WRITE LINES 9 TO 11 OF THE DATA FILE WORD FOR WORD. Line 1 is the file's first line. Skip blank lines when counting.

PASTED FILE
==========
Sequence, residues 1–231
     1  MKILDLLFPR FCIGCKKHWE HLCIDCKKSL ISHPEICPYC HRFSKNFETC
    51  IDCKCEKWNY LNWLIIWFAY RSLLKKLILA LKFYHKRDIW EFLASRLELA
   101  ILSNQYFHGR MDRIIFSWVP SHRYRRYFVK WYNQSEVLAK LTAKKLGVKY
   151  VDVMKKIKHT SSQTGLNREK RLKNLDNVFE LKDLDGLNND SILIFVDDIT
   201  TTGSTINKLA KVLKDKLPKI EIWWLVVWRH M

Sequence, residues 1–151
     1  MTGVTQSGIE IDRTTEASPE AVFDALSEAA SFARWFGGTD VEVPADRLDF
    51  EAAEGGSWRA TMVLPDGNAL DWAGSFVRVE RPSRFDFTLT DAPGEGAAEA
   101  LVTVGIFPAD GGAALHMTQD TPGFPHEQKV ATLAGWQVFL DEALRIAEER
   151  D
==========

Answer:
    51  EAAEGGSWRA TMVLPDGNAL DWAGSFVRVE RPSRFDFTLT DAPGEGAAEA
   101  LVTVGIFPAD GGAALHMTQD TPGFPHEQKV ATLAGWQVFL DEALRIAEER
   151  D